A legal challenge that threatens to capsize changes to Canada’s royal succession laws could put the state of the monarchy in disarray. As the Commonwealth awaits news on whether Prince William and Kate Middleton will give birth to a boy or a girl, there is a rush to rewrite the laws of succession to allow either a first-born boy or girl to join the line to the throne.
But with questions surrounding the legality of Canada’s new change, there are some that think a court challenge could put Britain’s own royal succession changes into doubt.
It all seemed so simple. Britain wanted to update the Royal succession rules so, regardless of gender, Will and Kate's child could become the eventual heir.
They called on the 16 realms of the Commonwealth to update their laws as well and, for the most part, it has gone off without a hitch.
New Zealand and Australia, specifically, are moving forward with legislation. Australia, which has a similar governing structure to Canada, also corralled each of its state governments to sign on to the change.
Then Canada introduced and passed legislation that said, in essence, that if Britain changes its head of state, so does Canada. But a new legal challenge threatens to upend that legislation and could throw a wrench into the entire plan.
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A court challenge accuses Canada’s new legislation of being illegitimate because it did not seek a Constitutional amendment – a move that would require unanimous consent from provincial governments. Yes, even Quebec.
This not only threatens to force Canada back to the drawing board but, according to those starting to take notice in the U.K., it could hamper the entire Commonwealth.
As the U.K.'s Daily Express writes:
In Britain, the Succession to the Crown Act, enacting the reforms, was brought into law in April.
But it will not come into force unless all 16 realms agree the same changes, under what is known as a commencement order which needs to be made by Deputy Prime Minister Nick Clegg in his role as Lord President of the Privy Council.
Canada's legislation was tabled in January and passed unanimously by the House of Commons in April. The legal challenge was submitted to Quebec Superior Court on Friday, although Justice Minister Rob Nicholson could call for it to simply be heard by the Supreme Court in order to avoid years of court delays and appeals.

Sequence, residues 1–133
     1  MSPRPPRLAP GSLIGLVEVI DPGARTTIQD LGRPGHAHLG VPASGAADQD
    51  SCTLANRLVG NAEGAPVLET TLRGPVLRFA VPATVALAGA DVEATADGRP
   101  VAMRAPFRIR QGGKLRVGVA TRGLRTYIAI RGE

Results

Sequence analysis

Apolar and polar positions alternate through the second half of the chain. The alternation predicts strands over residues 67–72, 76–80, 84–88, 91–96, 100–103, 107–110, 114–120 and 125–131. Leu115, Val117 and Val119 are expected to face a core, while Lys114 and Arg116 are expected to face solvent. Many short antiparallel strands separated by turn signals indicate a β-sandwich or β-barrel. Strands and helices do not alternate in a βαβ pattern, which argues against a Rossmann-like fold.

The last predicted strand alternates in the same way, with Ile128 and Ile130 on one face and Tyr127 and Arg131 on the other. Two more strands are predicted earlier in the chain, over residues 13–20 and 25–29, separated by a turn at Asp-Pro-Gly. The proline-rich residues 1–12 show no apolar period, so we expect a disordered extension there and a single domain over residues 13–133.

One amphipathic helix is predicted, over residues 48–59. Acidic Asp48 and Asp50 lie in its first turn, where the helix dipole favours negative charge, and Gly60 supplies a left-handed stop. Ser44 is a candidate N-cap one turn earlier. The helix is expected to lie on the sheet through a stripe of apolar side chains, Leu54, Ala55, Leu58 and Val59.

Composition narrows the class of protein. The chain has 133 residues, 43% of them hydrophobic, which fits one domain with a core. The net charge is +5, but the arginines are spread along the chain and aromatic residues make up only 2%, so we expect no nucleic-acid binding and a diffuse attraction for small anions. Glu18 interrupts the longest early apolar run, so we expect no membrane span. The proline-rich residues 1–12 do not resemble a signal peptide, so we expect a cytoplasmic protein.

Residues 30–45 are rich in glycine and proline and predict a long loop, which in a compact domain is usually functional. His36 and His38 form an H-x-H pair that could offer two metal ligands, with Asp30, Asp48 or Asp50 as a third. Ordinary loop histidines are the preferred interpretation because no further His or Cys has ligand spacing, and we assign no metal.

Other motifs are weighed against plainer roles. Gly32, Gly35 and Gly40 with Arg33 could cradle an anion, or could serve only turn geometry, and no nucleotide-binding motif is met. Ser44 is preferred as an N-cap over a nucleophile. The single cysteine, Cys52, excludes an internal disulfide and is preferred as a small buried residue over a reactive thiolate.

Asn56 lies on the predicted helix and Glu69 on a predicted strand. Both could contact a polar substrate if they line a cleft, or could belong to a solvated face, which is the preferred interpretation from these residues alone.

CBC News reports Andre Binette, a lawyer for the challenge, feels there was a clear attempt to avoid establishing a process for amending the Constitution. He suggests the decision to avoid amending the Constitution in this case opens to door for the government to duck such responsibility in the future.
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When the legislation was tabled, Heritage Minister James Moore said it would not require a constitutional amendment "since the laws governing succession are U.K. laws and not part of Canada's constitution."
Not all were in agreement. The Canadian Royal Heritage Trust raised doubt about that in February and much of what their stated at that time has come to light again in the Quebec legal challenge.
[T]he assent of the Parliament of Canada to the British Bill (and subsequent Act) is, in itself, insufficient to change the rules of Succession for Canada. A second action is legally required, and if it is not taken then the current rules of Succession will remain the law for Canada after the rules have been changed for the United Kingdom.
In short, The Constitution Act separated Canadian from English law, meaning any change that happens there after 1982 has no effect here. As such, a bill that says, "we're cool with following Britain on this one" doesn't supersede Canada's Royal secession laws, which wouldn't change to allow a first-born girl to rise to the throne.
Or at least that is the argument.
On the other hand, there is an argument that, since Canada has already passed its law, the Commonwealth-wide movement can proceed as if we are already signed on.
Binette suggests against that, telling the Daily Express things would get complicated if his legal challenge succeeds.
This whole thing is awfully messy; we’ll have to wait and see how things play out. The government is confident the law will stand, so this all could measure up to nothing. On the other hand, this could be the first time Canada has had any real effect on the monarchy.